After 94 days of fruitless effort, Kaspar- ov has finally landed his first direct hit in his match with Kasparov. Their contest has set up a number of world records — the greatest number of draws in total, the longest series of consecutive draws, the longest in terms of days and with Kaspar- ov's victory in game 32 it looks as if another record is ready to fall. Up to now, the 34 games of Alekhine-Capablanca 1927 represented the most extended match of all time. In the past Kasparov has always gained fresh energy and drive from his wins, so it seems to me unlikely that the match will terminate in the next two games. Of .course, I could be wrong. However, Kasparov's overall position, trailing 1-5, must be hopeless, but we could well be within sight of a modest Kasparov revival. One thing is clear from this match; no Western sponsor could possible support this kind of unlimited struggle in the future. Fide will have to go back to a world championship format restricted to 24 or 30 games. In view of the length of the match the Fide Congress in Salonika has already decreed that the loser from Moscow will jump straight into the Candidates' semi- final. Accordingly Boris Spassky, the cele- brated former world champion, will take up the free place created in the 16-man Candidates' tournament.
Kasparov-Karpov: Game 32, 13 December; Queen's Indian Defence.
1 d4 Nf6 2 c4 e6 3 Nf3 b6 4 Nc3 Bbl 5 a3 d5 6 cxd5 Nxd5 7 Qc2 Nd7? An inexplicable blunder, after which Black is already struggling. Correct is 7 . . . Nxc3, while 7 . . . c5 is playable. Perhaps after 31 games Karpov was tired. 8 Nxd5 exd5 9 Bg5 f6 The miserable alternatives to this horrid weakening move are 9 . . . Qc8 or 9 . . .
Bel 10 Bxe7 Kxe7. 10 Bf4 c5 11 g3 Amazingly Black's position is critical. His de- velopment lags and his entire structure, especial- ly the e6 square, exhibits grave signs of instabil- ity. White's formation on the other hand is well mobilised and extremely aggressive. All of this can be traced back to Black s strange blunder on move 7. 11 . . . g6 12 h4 Qe7 13 Bg2 Bg7 14 h5 f5 15 Qd2 A cunning introduction to a fine
manoeuvre to activate his QR. 15 . . . Bf6 16 Rc1 Rc8 17 Rc3 Rc6 18 Re3 Re6 19 Rxe6 Qxe6 20 Ng5 Qe7 21- dxc5 Karpov's defence in a near- hopeless situation has been characteristically tenacious. In order to make progress White must now win a pawn which, however, allows Black counterplay. 21 . . . NxcS 22 hg d4 If 22 . . . hxg6 23 Rxh8+ Bxh8 24 Bxd5 wins. 23 g7!
Position after 23g7!
(Diagram) A brilliant riposte. All other moves permit Black to consolidate, e.g. 23 Bxb7 Qxb7 24 f3 hxg6. Of course not 24 Rxh7? Rxh7 followed by . . 0a1 mate. 23 . . . Bxg7 24 Bxb7 Qxb7 25 f3 Qd5 Overestimating his chances. 25 . . . h6 26 Nh3 must be a better try. 26 Rxh7 Rxh7 27 Nxh7 Qb3 If 27 . . . d3 28 b4. 28 Bd6 Ne6 29 Ng5 Bh6 30 Bf4 Bxg5 31 Bxg5 NxgS 32 QxgS White has a big advantage in the Q and P ending. 32 . . . Qxb2 33 QxfS Qcl + 34 Kf2 Qe3+ 35 Kfl Qcl + 36 Kg2 Qxa3.37 Qh5+ Kd7 38 Qg4+ Kc6 39 Qxd4 b5 40 g4 b4 41 g5 The sealed move and Black resigns without resump- tion. There are many ways to win, e.g. 41 . . b3 42 g6 b2 43 Qc4+ Kd6 44 g7 b1=Q 45 g8=Q and Black will be rapidly mated. A strange game where neither player managed to castle!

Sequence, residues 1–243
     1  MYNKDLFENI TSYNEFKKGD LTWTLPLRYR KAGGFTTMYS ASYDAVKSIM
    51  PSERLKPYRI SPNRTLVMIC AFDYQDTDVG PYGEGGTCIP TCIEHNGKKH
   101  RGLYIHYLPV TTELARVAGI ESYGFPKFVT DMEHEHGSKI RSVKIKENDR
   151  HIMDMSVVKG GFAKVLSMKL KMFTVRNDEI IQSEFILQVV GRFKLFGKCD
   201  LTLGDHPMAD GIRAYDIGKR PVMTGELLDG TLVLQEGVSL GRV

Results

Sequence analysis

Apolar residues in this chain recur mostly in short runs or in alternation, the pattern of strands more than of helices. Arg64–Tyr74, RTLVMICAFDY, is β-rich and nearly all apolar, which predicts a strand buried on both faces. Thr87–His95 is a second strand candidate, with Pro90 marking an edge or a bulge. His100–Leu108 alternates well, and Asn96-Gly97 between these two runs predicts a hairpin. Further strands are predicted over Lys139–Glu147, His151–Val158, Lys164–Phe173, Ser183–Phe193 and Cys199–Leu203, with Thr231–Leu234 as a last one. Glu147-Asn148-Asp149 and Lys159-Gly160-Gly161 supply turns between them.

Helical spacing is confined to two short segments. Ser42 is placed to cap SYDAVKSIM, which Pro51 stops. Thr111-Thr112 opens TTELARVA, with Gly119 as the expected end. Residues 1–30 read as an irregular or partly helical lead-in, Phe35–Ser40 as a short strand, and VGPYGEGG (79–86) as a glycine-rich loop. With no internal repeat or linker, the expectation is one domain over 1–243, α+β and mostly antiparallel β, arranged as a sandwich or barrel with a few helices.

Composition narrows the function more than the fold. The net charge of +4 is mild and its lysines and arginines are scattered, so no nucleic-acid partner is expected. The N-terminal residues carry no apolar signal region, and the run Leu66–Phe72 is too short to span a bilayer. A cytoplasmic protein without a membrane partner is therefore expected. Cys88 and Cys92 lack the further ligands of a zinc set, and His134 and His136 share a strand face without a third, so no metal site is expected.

After this game the announcement that Friday 15 December was a rest day because the hall had been booked by the Soviet Academy of Sciences fuelled speculation that this had been done to give Karpov a 'free' rest day. However these rumours were allayed when it was confirmed that
the booking was made a year in advance and the match had been expected to finish by now!
What about a chess computer for Christ- mas? I have had the opportunity to become closely associated with the latest models during a recent simultaneous display at Blackwell's bookshop in Oxford. As al- ways Fidelity programmes are excellent. The Sensory 12 and Elegance appear to have made a quantum leap in appearance
with a soft board, an especially attractive feature. In resourcefulness of play, the
program I met was certainly a match for most of the human opponents I faced that day. They are currently on offer at £398 for the Sensory 12 and £248 for the Elegance. SciSys machines are always outstanding and have been backed by no less than Kasparov. The latest is the Turbostar which will be available for Christmas at £199.99. Finally the strongest program available is almost certainly the Novag Super Constellation which performed so well in the 1984 Commonwealth cham- pionship. It is priced at £299.95. The
choice really depends on the strength of electronic opposition required. All these machines are available from Competence on 0491-34663.